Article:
Many people write to their favorite celebrities — and more often than not, they hear nothing back. But that wasn’t the case for Kristen Jerkins, who was shocked when she heard from Tom Hanks after sending him an invitation to her wedding. The 28-year-old Nashville resident reached out to the movie star a few weeks ago to see if he’d be interested in seeing her and fiancé Joe Dobrin tie the knot on May 5 in her home state of Alabama. “We’re really big Tom Hanks fans.
Maybe the real breakfast of champions is barely any breakfast at all. Chloe Kim not only captured the world’s attention Monday when she won the gold medal in the snowboard halfpipe — but also when she shared mid-competition that she was coming down with a bad case of the "hangrys" because she didn’t finish her breakfast sandwich. “Wish I finished my breakfast sandwich but my stubborn self decided not to and now I’m getting hangry,” the 17-year-old American tweeted.
A pre-K teacher in Texas is proving that imitation really is the sincerest form of flattery. Leigha Bishop surprised her student, August Burroughs, late last month when she came in rocking the same hairdo as the 4-year-old. But the move, Bishop explained, wasn’t simply about a cool hairstyle — it was about instilling confidence in the young girl.
@kjerk Hi Kristen! My name is Aliyah and I'm a journalist with the TODAY show. Would love to chat more about the Tom Hanks invite. Can we connect? I'm at firstname.lastname@example.org -- many thanks for the consideration!
Muck Rack makes it simple to find people, tweets, or articles that mention any name, keyword, company, hashtag etc. We've compiled this guide to help you make the most of your search.
Selecting a term
Start searching tweets, articles from media outlets, articles mentioned in tweets, journalists'
names, titles and bios with some suggested searches:
Companies or Topics (e.g. iPhone, Microsoft)
Phrases (e.g. "cloud computing") — use quotes to keep the terms together
Twitter handles (e.g. @username) — returns those who have mentioned or replied to
Names (e.g. "David Pogue")
Hashtags (e.g. #sxsw, #london2012)
Bio details (e.g. vegan, Olympics, father)
Muck Rack's Advanced Search allows for many boolean operators.
Find results that mention multiple specified terms, use AND or
+. For example, ensure each result contains both Elon Musk and Mark Zuckerberg by
searching Musk AND Zuckerberg or Musk + Zuckerberg.
Use the operators OR or , to broaden your search when you'd like either of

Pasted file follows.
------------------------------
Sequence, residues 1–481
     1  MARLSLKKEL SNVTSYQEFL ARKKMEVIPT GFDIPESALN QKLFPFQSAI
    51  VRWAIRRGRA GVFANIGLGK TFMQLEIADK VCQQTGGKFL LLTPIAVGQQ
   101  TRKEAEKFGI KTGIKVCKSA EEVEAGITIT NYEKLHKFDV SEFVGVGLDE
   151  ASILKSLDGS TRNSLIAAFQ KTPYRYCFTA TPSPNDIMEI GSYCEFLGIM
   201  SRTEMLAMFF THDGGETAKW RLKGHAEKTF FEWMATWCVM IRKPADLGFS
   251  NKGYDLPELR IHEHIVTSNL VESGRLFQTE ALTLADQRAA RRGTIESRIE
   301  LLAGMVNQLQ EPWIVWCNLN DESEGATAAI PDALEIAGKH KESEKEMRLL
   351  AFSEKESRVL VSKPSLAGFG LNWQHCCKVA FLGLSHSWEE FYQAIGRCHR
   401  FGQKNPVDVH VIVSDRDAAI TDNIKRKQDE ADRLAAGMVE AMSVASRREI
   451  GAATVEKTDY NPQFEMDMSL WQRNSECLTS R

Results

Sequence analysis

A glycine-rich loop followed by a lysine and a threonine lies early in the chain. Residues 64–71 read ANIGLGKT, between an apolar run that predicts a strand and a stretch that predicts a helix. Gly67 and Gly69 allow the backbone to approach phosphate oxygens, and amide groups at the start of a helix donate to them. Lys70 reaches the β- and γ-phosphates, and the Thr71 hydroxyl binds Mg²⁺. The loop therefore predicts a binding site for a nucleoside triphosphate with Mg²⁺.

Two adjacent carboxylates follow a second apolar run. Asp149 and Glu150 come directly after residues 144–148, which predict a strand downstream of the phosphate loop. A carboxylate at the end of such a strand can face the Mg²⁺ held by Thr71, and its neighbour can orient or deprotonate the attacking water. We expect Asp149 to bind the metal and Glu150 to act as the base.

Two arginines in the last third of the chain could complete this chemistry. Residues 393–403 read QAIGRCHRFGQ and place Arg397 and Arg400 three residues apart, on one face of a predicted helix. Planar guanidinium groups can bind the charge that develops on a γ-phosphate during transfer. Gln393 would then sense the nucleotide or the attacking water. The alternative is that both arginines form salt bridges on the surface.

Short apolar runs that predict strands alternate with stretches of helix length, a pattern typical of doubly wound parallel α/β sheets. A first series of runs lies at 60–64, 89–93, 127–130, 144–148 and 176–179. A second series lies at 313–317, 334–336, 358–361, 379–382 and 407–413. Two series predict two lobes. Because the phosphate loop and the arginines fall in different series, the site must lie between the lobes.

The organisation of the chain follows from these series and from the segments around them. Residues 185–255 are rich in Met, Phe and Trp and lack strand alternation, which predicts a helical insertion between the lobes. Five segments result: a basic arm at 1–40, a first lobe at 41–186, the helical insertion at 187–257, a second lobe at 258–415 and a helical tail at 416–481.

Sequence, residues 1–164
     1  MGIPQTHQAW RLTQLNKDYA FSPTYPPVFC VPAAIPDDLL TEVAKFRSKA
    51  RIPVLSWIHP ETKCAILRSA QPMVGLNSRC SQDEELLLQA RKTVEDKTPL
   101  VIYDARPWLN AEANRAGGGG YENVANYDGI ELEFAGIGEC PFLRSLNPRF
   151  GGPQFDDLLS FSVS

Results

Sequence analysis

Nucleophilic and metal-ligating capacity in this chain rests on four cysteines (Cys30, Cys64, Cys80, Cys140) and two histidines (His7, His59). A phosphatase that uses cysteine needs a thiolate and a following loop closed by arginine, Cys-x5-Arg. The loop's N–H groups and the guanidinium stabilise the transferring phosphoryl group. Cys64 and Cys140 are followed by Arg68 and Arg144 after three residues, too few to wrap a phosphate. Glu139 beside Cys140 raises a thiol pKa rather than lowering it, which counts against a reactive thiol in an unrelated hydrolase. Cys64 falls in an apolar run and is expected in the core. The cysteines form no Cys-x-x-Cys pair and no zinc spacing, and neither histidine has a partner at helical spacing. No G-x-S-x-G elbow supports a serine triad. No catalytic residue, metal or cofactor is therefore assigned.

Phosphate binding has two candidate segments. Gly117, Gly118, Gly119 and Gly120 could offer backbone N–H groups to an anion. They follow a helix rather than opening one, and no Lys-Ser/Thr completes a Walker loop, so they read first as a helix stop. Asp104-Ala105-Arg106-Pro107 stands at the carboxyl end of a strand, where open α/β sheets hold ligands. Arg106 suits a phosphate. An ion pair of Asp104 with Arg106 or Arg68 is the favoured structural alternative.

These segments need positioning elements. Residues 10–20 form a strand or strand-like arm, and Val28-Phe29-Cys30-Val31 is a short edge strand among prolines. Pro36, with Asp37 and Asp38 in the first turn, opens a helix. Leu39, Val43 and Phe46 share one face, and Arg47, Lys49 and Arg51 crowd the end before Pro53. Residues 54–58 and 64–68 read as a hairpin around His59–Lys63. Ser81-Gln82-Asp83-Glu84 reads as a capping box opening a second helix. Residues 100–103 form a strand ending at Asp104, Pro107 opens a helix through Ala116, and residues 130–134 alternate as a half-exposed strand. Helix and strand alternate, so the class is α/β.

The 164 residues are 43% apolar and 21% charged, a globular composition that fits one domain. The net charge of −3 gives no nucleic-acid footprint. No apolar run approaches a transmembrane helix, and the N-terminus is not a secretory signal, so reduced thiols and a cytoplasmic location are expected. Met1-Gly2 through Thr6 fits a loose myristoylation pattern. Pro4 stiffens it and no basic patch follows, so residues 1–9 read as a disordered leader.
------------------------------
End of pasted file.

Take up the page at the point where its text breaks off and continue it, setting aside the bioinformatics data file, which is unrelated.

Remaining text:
multiple terms to appear in results. (This is the default behavior of our search when no operators
are used). For example, results will contain either cake or cookie by searching cake OR cookie or cake,cookie
Use NOT or - to subtract results from your search. For
example, searching Disney will yield results about the Walt Disney Company as well as Walt Disney
World Resort. To exclude mentions of Disney World, search for Disney -World or Disney
When using one of these operators with a phrase, enclose it in quotation marks. For example, you can
find results about smartphones excluding Apple's iPhone 4S by searching smartphone -"iPhone
Exact case matching or punctuation
If you're searching for a brand name or keyword that relies on specific punctuation marks or capitalization, you can
find results that match your exact query by adding matchcase: before the keyword you're searching for, like matchcase:E*TRADE .
Use parentheses to separate multiple
boolean phrases. For example, to find journalists talking about having fun in Disney World or
Disneyland, search for ("disney world" OR disneyland) AND fun.
An asterisk can be used to search for any variation of a root word truncated by the asterisk. For example, searching for admin* will return results for administrator, administration, administer, administered, etc.
A near operator is an AND operator where you can control the distance between the words. You can vary the distance the near operation uses by adding a forward slash and number (between 0-99) such as strawberries NEAR/10 "whipped cream", which means the strawberries must exist within 10 words of "whipped cream".